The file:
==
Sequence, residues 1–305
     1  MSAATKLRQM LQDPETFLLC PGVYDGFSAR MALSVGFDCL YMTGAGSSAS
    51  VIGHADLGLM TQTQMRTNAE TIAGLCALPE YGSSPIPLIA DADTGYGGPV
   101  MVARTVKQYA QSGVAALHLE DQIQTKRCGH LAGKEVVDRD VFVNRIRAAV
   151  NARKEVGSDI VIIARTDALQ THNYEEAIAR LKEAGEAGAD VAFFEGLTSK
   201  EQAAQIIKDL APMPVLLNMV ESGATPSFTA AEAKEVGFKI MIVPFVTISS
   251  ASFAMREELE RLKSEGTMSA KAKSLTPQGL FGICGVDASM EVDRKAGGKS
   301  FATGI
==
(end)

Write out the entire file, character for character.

Sequence, residues 1–305
     1  MSAATKLRQM LQDPETFLLC PGVYDGFSAR MALSVGFDCL YMTGAGSSAS
    51  VIGHADLGLM TQTQMRTNAE TIAGLCALPE YGSSPIPLIA DADTGYGGPV
   101  MVARTVKQYA QSGVAALHLE DQIQTKRCGH LAGKEVVDRD VFVNRIRAAV
   151  NARKEVGSDI VIIARTDALQ THNYEEAIAR LKEAGEAGAD VAFFEGLTSK
   201  EQAAQIIKDL APMPVLLNMV ESGATPSFTA AEAKEVGFKI MIVPFVTISS
   251  ASFAMREELE RLKSEGTMSA KAKSLTPQGL FGICGVDASM EVDRKAGGKS
   301  FATGI